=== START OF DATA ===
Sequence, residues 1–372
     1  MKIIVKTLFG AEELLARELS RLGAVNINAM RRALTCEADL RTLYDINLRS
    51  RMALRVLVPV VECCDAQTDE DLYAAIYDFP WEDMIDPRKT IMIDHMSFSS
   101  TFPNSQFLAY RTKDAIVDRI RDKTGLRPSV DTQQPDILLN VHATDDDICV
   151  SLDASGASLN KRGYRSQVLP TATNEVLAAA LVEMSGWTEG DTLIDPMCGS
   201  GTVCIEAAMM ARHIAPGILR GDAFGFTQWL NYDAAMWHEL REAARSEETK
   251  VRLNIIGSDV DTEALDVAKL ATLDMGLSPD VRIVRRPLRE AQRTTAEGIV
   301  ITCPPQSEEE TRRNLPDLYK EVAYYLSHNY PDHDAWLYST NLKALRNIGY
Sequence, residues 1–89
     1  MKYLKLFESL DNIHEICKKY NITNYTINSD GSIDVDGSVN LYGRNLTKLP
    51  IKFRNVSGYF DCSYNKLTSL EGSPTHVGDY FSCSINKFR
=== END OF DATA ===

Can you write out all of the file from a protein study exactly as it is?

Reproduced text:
Sequence, residues 1–372
     1  MKIIVKTLFG AEELLARELS RLGAVNINAM RRALTCEADL RTLYDINLRS
    51  RMALRVLVPV VECCDAQTDE DLYAAIYDFP WEDMIDPRKT IMIDHMSFSS
   101  TFPNSQFLAY RTKDAIVDRI RDKTGLRPSV DTQQPDILLN VHATDDDICV
   151  SLDASGASLN KRGYRSQVLP TATNEVLAAA LVEMSGWTEG DTLIDPMCGS
   201  GTVCIEAAMM ARHIAPGILR GDAFGFTQWL NYDAAMWHEL REAARSEETK
   251  VRLNIIGSDV DTEALDVAKL ATLDMGLSPD VRIVRRPLRE AQRTTAEGIV
   301  ITCPPQSEEE TRRNLPDLYK EVAYYLSHNY PDHDAWLYST NLKALRNIGY
Sequence, residues 1–89
     1  MKYLKLFESL DNIHEICKKY NITNYTINSD GSIDVDGSVN LYGRNLTKLP
    51  IKFRNVSGYF DCSYNKLTSL EGSPTHVGDY FSCSINKFR